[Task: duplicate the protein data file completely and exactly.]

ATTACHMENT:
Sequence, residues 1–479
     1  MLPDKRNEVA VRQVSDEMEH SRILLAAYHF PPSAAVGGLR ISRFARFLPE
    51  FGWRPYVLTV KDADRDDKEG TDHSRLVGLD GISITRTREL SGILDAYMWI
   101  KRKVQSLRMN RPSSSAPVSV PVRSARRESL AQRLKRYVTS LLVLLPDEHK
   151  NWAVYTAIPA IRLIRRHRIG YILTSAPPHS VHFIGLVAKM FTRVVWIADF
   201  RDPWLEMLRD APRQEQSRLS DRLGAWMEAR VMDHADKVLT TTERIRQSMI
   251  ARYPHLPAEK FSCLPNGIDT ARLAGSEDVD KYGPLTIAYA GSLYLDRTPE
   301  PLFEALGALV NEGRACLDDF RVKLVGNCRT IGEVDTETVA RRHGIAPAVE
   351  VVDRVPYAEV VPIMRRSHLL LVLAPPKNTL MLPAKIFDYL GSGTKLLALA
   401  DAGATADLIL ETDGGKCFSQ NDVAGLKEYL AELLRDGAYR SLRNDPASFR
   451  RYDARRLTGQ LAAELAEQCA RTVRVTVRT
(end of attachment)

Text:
Sequence, residues 1–479
     1  MLPDKRNEVA VRQVSDEMEH SRILLAAYHF PPSAAVGGLR ISRFARFLPE
    51  FGWRPYVLTV KDADRDDKEG TDHSRLVGLD GISITRTREL SGILDAYMWI
   101  KRKVQSLRMN RPSSSAPVSV PVRSARRESL AQRLKRYVTS LLVLLPDEHK
   151  NWAVYTAIPA IRLIRRHRIG YILTSAPPHS VHFIGLVAKM FTRVVWIADF
   201  RDPWLEMLRD APRQEQSRLS DRLGAWMEAR VMDHADKVLT TTERIRQSMI
   251  ARYPHLPAEK FSCLPNGIDT ARLAGSEDVD KYGPLTIAYA GSLYLDRTPE
   301  PLFEALGALV NEGRACLDDF RVKLVGNCRT IGEVDTETVA RRHGIAPAVE
   351  VVDRVPYAEV VPIMRRSHLL LVLAPPKNTL MLPAKIFDYL GSGTKLLALA
   401  DAGATADLIL ETDGGKCFSQ NDVAGLKEYL AELLRDGAYR SLRNDPASFR
   451  RYDARRLTGQ LAAELAEQCA RTVRVTVRT